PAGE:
27 June 2013

What’s in Your Sewing Kit?

When I was 11 years old my father gave me a tool box. It wasn't to be used for tools, well not the type of tools that would normally go into a tool box. It was to be my sewing box.

I still have it and use it's contents at least once a week to fix a hem or stitch on a button or some dressmaking or sewing. Over the years my sewing box has saved us from a lot of embarrassment (no one likes to wear a shirt with a button missing or a skirt with the hem down, or worse still, sticky-taped in place).

To be perfectly honest though, I never really enjoyed sewing until I had to. When Disaster Struck and money was so tight we couldn't even afford op-shop bargains, learning to sew meant I could keep us all well dressed without spending a lot of money. I've been hooked ever since, and an afternoon at the sewing machine is one of my favourite ways to relax.

Having a well-stocked sewing kit can save you a lot of money. Home sewing seems to be a disappearing skill but you can save a lot of money by learning a few simple basics of sewing; you don't have to be an expert tailor in order to perform a few basic sewing techniques. Not only will this save you money on your tailoring bills, it will save you time, as well; however you must start with the basic sewing kit.

Needles – It is always a good idea to have various cards of needles in different sizes on hand. Some cards come with a variety of needles. This is important, as some projects will necessitate a stronger needle for heavier fabric while others require smaller needles for delicates.

Thread – The most basic colours are the best to have on hand. Plenty of spools of black, white, brown and navy blue are essential to the basic sewing kit. You can always pick up spools of thread in various alternate colours as you go along, especially if you find them on sale. However, having plenty of basic thread colours is important since you never want to run out of these.

Pins – An assortment of various sized pins will come in handy depending upon what type of sewing you will be doing. Smaller pins are great for projects that are more delicate and sturdier pins will be a better option for heavy-duty projects. I have large safety pins for holding heavy fabrics (and quilts) together and extra long and fine pins for large projects and shorter.

Buttons – It is just amazing how a simple lost button can wreak havoc on your entire outfit just minutes before stepping out the door. A lost button on a pair of trouser pants can spiral into something of a fashion tragedy. If you don't want this to happen, have plenty of buttons on hand. Blouse buttons that are more delicate and come in neutral colours and darker, sturdier buttons in darker colours are essential. Just think how a missing button in the middle of your blouse can cause you to try to find an entirely different outfit and make you late to an event, as well.  I have a jar full of buttons collected over the years. Clothes are never relegated to the rag bag until the buttons (and zips) are carefully removed and stored in the button jar.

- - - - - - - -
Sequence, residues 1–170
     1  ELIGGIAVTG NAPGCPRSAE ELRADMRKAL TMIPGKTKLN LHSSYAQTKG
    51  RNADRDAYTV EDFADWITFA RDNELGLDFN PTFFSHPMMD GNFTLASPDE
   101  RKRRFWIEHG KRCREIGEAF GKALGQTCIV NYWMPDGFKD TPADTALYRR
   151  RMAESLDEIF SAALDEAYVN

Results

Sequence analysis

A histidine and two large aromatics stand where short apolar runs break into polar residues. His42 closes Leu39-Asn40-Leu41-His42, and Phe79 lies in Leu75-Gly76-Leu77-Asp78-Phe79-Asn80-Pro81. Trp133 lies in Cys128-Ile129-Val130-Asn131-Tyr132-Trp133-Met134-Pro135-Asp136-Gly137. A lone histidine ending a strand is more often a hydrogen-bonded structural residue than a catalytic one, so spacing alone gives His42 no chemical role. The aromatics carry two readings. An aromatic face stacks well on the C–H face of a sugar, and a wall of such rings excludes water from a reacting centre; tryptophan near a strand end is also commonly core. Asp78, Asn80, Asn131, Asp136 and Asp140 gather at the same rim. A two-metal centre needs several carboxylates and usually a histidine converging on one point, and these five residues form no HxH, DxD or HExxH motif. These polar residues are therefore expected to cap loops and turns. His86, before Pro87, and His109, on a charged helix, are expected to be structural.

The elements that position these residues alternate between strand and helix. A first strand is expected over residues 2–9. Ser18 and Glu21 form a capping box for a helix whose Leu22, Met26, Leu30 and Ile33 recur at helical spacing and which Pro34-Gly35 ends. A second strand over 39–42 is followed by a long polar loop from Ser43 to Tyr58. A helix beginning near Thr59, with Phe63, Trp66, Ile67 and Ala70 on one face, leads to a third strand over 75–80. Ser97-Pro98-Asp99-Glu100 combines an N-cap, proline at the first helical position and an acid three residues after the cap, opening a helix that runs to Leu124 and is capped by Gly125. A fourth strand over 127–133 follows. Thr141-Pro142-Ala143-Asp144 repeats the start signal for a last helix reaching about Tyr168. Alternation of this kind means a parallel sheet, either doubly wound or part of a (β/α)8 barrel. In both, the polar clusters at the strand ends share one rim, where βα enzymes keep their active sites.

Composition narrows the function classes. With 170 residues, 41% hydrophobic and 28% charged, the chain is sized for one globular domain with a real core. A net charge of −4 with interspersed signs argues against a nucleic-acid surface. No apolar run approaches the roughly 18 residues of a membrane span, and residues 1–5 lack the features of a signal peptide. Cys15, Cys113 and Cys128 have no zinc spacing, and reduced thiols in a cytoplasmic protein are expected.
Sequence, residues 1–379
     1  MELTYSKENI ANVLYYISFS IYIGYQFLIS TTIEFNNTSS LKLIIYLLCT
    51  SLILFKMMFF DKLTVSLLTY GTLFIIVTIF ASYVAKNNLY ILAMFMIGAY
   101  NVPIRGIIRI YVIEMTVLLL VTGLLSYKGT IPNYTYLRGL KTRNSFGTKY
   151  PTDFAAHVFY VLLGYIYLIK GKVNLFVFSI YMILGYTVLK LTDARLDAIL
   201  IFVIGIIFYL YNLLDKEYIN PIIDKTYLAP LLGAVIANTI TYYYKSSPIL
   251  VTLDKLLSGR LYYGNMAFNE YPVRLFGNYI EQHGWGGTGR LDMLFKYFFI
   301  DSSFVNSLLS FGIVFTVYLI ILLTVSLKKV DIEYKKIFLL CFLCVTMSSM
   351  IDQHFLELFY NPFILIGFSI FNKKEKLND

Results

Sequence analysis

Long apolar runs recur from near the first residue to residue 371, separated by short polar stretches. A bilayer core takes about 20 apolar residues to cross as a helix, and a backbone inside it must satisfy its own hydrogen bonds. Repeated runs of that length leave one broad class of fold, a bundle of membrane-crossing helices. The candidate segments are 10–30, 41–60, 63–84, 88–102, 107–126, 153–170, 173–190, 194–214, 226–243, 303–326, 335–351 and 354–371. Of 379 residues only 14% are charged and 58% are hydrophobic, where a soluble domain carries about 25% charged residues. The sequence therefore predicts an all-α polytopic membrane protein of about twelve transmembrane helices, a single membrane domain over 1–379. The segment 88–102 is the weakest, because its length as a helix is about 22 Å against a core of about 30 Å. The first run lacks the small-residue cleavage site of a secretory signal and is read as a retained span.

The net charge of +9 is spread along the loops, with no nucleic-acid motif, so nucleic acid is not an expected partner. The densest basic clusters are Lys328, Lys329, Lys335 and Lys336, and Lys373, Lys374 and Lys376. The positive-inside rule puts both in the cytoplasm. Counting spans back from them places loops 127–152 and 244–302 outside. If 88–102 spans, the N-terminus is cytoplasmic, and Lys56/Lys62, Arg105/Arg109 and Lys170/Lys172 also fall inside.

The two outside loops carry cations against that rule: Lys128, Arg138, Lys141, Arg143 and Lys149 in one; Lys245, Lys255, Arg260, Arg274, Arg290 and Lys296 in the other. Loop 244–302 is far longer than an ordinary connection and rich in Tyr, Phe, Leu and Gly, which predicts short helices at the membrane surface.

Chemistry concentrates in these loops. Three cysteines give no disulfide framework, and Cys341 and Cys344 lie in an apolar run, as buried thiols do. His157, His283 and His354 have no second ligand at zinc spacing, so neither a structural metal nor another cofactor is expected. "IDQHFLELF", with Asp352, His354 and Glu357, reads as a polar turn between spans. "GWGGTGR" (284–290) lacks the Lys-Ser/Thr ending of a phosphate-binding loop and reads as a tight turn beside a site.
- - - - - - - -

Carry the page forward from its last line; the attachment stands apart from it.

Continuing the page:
Thimbles – It is a good idea to have a thimble or two lying around. If you are involved in a scenario like above where you are rushing around to get somewhere and you pop a button, rushing and sewing do not go hand in hand too well. A thimble will save you a prick or two of the needle especially when you are in a rush. I have metal, plastic and leather thimbles in my sewing box. I use the metal thimble for hand-stitching heavy fabrics like denim or cord. The plastic thimble is perfect for lighter fabrics and the leather thimble I use for embroidery work.

Scissors – A good pair of sewing scissors is a sewing kit’s best friend. There is nothing more frustrating than a dull pair of scissors that cuts or frays your fabric. You can also purchase a small scissor for cutting thread and a better, sharper pair for cutting fabric and materials. Mark your fabric scissors so they are only ever used for fabric. Good fabric scissors must never be used for cutting anything but material. I have fabric, paper and ribbon scissors and they are all marked so anyone who uses them knows exactly what they can be used to cut.

With these basics you will be well on your way to making your own repairs, saving money and saving time with sewing.
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